Improved mechanisms for data collection data on the status of crawfish populations and on the harvest (size, location of harvest, and catch effort) should be regularly collected and managed to provide the information needed to effectively manage the fishery.
Establish a network of Marine Protected Areas (MPAs)mPAs should include areas that are still productive crawfish nurseries and breeding areas. By 2013, seventeen mPAs were established in The Bahamas, four of which were established as fishery reserves managed by the dept. of marine Resources to act primarily as fishery replenishment zones. mPA authorities are actively working to protect additional areas in order to meet The Bahamas’ conservation goals.
Enforcement of fishery regulations
Public education campaigns Such as the ‘Size matters’ campaign led by Friends of the Environment in Abaco.
Marine Stewardship Council (MSC) Certification The Bahamas has embarked on an initiative to achieve mSC certification for the Bahamian spiny lobster fishery.
What can each of us do to protect the crawfish fishery?A – Report illegal fishing activities, purchase legally harvested crawfish with a minimum tail length of 51/2 ”, support vendors and fishermen who obey fishery regulations, support the establishment of MPAs, educate others.
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Activity 1 - Life Cycles A Comparative Conservation Study
ACTIvITy OvErvIEWThis activity compares the life cycles of ecologically or economically significant species in The Bahamas, i.e. The Caribbean spiny lobster, queen conch, and nassau grouper. In preparation for this activity, students should have conducted research or have been provided with information for each species on the following areas: life cycle stages, mode of reproduction, age of sexual maturity, number of offspring produced, frequency of reproduction, fishery regulations, habitat and threats.
Organisms significant to The Bahamas are regulated by a number of strategies including: closed seasons, size restrictions, restriction on fishing methods or gear, fishing bans (sharks,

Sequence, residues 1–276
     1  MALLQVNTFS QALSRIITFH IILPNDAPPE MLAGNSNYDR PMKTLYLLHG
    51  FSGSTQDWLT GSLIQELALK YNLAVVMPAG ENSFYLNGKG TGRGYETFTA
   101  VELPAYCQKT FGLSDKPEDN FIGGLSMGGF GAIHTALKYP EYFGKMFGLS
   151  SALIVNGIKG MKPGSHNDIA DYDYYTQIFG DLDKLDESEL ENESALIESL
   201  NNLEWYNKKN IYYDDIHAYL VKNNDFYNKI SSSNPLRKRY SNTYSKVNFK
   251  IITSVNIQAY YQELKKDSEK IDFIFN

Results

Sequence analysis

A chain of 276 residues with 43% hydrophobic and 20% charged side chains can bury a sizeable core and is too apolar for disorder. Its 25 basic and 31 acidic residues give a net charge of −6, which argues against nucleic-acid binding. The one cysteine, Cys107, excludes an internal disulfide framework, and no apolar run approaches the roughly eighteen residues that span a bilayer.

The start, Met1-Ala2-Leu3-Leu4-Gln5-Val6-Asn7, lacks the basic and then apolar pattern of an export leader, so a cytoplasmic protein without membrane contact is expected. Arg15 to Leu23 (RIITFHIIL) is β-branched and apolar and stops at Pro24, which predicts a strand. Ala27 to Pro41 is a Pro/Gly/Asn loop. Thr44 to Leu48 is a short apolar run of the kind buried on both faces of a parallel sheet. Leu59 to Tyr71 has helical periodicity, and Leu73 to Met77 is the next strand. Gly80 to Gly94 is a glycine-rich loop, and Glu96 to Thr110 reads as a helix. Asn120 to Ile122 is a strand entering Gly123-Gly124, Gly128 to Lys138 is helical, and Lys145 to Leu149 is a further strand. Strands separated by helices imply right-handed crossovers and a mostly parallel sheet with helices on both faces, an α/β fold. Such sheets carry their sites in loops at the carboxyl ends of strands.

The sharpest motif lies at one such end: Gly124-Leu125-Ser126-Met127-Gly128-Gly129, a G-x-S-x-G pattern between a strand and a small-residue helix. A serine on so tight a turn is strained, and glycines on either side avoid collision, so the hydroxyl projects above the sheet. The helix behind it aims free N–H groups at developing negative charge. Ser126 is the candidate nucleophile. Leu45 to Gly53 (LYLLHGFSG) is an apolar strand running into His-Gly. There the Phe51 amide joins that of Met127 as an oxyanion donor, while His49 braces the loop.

extension Activities: Science – compare the life cycles of other commercially important species.
Social Science / Family Life - Encourage students to share information with their friends and families.
Art/ Science: develop posters or brochures to be displayed at school or in the community to increase awareness of the need to harvest mature crawfish with a minimum tail size of 5 ½”
Social Studies: Interview fishermen about crawfishing in the Bahamas to determine how the fishery has changed over time. Questions may be asked about where crawfish are caught (historically vs. today), the ease of finding legal sized crawfish now as compared to the past, methods used to harvest crawfish (traditional vs. current day), etc.
Language: Write a poem about the crawfish fishery in The Bahamas.
Music – compose a song to encourage people to harvest adult crawfish sustainably.
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sea turtles), restriction on the sale of species (bonefish, sharks). These regulations have been developed based on scientific knowledge including organism life cycles. Through this activity, students should be able to link an organism’s life cycle and its vulnerability to overexploitation. For example, organisms that produce fewer offspring, take longer to reach sexual maturity, reproduce infrequently and, are vulnerable to human impacts.
rESOurCES: Life Cycle Posters, BREEF’s Fish Rules App and marine organism booklet series: The Caribbean Spiny Lobster – A Great Bahamian Tail, The nassau grouper – An Iconic Bahamian Species and The Queen Conch - True Bahamian Royalty www.breef.org
OBJECTIvES:At the end of the lesson students will be able to:
1. Compare the life cycles of conch, grouper and crawfish.
2. Explain which of the life cycle stages of the conch, grouper and crawfish are most vulnerable to human activities.
3. make inferences about the reason for existing regulations to protect conch, grouper and crawfish and/or their habitats.
4. Suggest additional strategies for the conservation of conch, grouper and crawfish based on their areas of vulnerability.
InSTruCTIOnS1. Students should complete the worksheet provided to compare the Caribbean spiny lobster with another species as directed.
2. After the worksheets have been completed, lead a class discussion using the following questions as a guide in order to help students to understand that the biology of an organism impacts its vulnerability, and informs the regulations that are set to manage the fishery.
a. Give two similarities and two differences between the life cycles of crawfish and the other named species.
b. Based on your understanding of the life cycle of each species, why do the following regulations exist? • Closed seasons • Size restrictions • Fishing on SCUBA is prohibited
c. Which life cycle stage of each species do you think is most vulnerable to human activities? Give a reason for your answer.